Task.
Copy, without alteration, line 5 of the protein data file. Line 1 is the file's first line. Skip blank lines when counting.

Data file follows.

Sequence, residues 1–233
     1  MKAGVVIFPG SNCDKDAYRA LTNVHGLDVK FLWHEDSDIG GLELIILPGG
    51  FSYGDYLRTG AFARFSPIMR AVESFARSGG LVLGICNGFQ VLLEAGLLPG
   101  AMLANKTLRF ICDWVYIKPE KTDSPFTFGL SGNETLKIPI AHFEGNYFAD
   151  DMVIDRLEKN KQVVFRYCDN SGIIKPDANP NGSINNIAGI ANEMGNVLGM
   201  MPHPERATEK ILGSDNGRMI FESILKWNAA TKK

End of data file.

   151  DMVIDRLEKN KQVVFRYCDN SGIIKPDANP NGSINNIAGI ANEMGNVLGM